wish me luck.

 

and another year comes to a close

I am feeling very emotional today, I can’t seem to stop crying, but they aren’t tear of sadness, they are tears of reflection and gratitude for last year and tears of hope for the future.

I lost my Dad this year.  He physically left this earth on April 9 of 2015 with his family by his side, but he had left us mentally long before that.  He had Alzheimer’s and had quickly slipped away from us into his own world where he no longer knew our names.  The disease took him quickly and not a day goes by that I don’t think about him and I miss him more than I ever could have imagined.

I have had a year of relative stability health wise, that’s not to say that there haven’t been challenging days, but no shocks from my device is a good thing.  I still have days where I am tired and end up sleeping a lot, days that I am afraid to leave the house and days that anxiety is super high but I have managed to accomplish some pretty cool things despite all of that.

In 2015 I became a volunteer.  Last April, I helped raise funds for The Art Studios a place that I love and believe in, they have been there to help me face my issues with Mental Illness by offering free art therapy and a safe place for me to learn and be creative.  They have gotten me out of the house during times that I would not have made the effort and I have been able to lose myself in painting and pottery.  I am a better person because of art.

I also became a Patient Voice.  I have been given a couple of opportunities to contribute my voice and experience within the health care system to help makes things better.  One of the things that I am very proud of is sitting on a committee of dedicated human beings who want to make screening for people and families at risk of Sudden Cardiac Arrest more accessible.  I am fortunate to live in the city of Vancouver where I have access to the very best doctors and clinics, there are many people across Canada who do not have that same kind of access.  The goal of this committee is to make the experience of all Cardiac Arrest patients universal across the country, allowing them to be able to get the resources they need and to get tested for the many Inherited Rhythm Disorders in order to save lives.

I was also asked to contribute as a patient voice to a monthly newsletter called The Inherited Heart Rhythm Times.  My very first article was on Stress and Creativity.  It was a cool moment for me to see my little article in print and to know that people enjoyed reading it. These are the things that help me feel productive again, they don’t require a lot of my time, but it helps me to know that I am giving back and helping others and  I am focusing on good things.

The very best thing is that I found a way to soften some of the hard places within myself that I have built up over the years and learned to LOVE more.  I have learned that gratitude is a preferable way to live my life and that even bad things have a silver lining.  I’m still not perfect, but life feels a whole lot more hopeful when you embrace the positive.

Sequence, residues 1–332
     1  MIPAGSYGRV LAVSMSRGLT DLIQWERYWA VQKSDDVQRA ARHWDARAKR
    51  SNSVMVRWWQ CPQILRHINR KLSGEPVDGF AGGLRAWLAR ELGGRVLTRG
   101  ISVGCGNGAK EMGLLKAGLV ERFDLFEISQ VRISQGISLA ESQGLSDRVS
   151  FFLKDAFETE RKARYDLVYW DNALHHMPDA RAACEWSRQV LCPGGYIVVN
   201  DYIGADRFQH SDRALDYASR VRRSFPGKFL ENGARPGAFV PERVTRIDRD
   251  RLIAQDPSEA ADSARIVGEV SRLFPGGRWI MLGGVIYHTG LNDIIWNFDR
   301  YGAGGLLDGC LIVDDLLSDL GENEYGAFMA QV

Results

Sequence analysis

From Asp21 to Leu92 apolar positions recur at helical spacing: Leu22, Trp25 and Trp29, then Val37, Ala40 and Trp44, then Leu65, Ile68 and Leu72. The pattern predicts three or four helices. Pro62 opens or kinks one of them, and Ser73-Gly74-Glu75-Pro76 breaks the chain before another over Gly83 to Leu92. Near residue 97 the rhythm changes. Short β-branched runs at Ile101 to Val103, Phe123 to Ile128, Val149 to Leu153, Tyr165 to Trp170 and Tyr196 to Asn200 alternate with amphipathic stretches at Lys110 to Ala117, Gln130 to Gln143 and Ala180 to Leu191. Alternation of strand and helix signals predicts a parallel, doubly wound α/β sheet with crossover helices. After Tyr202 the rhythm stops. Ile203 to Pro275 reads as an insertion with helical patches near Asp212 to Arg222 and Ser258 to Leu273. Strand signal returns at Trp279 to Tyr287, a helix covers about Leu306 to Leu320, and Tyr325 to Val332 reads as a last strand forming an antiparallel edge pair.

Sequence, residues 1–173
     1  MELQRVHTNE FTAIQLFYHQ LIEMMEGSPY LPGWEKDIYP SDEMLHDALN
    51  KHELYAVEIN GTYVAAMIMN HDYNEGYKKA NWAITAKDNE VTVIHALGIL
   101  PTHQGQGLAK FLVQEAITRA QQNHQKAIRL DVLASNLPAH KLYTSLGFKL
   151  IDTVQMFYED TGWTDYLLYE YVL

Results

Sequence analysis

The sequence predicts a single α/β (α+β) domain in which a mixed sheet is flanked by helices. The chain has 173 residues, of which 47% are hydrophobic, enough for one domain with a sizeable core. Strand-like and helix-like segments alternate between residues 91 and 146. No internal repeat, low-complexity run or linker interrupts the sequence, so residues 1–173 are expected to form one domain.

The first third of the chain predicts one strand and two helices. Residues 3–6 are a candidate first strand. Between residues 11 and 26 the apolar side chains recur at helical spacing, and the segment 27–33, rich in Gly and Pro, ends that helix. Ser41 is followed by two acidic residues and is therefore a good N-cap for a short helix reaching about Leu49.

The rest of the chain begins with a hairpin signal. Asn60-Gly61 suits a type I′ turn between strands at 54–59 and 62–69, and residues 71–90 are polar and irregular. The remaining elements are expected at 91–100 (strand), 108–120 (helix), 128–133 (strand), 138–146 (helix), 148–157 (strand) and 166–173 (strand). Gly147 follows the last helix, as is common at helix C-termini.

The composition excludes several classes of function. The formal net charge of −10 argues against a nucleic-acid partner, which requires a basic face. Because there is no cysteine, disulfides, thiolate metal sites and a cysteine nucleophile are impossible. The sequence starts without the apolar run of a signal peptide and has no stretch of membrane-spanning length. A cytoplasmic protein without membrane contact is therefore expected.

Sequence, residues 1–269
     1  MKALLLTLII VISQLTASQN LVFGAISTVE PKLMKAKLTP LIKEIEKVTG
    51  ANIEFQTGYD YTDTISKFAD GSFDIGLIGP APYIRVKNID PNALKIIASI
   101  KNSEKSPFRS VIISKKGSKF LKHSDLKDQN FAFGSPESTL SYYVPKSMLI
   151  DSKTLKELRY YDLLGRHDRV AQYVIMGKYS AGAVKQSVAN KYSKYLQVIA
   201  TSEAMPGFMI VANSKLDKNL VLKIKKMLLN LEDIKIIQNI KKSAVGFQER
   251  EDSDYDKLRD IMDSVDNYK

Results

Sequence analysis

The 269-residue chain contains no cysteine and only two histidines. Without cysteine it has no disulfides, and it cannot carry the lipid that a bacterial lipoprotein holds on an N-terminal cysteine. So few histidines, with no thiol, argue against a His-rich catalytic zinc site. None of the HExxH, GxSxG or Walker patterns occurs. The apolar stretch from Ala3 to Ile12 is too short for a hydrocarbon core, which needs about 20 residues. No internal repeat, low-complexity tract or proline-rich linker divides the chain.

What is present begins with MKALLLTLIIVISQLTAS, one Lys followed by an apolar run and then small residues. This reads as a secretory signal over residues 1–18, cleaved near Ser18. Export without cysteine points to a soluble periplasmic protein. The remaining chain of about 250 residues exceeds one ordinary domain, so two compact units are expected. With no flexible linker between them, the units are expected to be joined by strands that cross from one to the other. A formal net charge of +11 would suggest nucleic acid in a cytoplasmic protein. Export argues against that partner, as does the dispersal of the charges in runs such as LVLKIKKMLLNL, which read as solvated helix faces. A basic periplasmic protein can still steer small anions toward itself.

So, today, tell the people you love that they are important to you, look in the mirror, deep into your own eyes and tell yourself you are perfect as you are and forgive all the wrongs you think have been done to you.  Let it all go, wipe the slate clean, start the new year fresh and put your whole heart into it.

2016 is going to be an awesome year.

Eight months ago yesterday…

Eight months ago yesterday, I had my new ICD implanted after a very hairy experience in Victoria.  I suffered a lot of shocks and suffered a lot of trauma during the 5 days that I was there, but here I am, 8 months later, shock free.  Thankfully.

It’s a feat yes that the time has passed, but it has not all been easy.  There are nights when I am afraid to go to bed and days that I am terrified to leave the couch.  I still have many, many, sometimes hard PVCs  and although my device has been checked a few times, there is no record of anything sustained.  Doesn’t mean I don’t feel them and that they don’t scare the bejeezus out of me.

It’s hard knowing that at any moment, things could go wrong.  One beat in the wrong direction, and I reset to zero.  I try not to dwell on that though. I think that my biggest fear is that something will happen during the night, and for some reason, this new device, yet unproven will not do what it is supposed to do.  My next biggest fear is that it will happen on one of those rare times that I do something on my own, and someone will hurt me while trying to help, or that I won’t get to a safe position in time.  So many bad scenarios run around in my head, so much anxiety and stress around all of this.

My experience last December did a lot of psychological damage that has not yet subsided.  PTSD rules my world and it’s hard to forget all I have been through.  I have flashbacks, nightmares and even a few phantom shocks where I wake up startled feeling like I have been zapped.  Even smells sometimes will set me off and I am very intolerant of noise of any kind.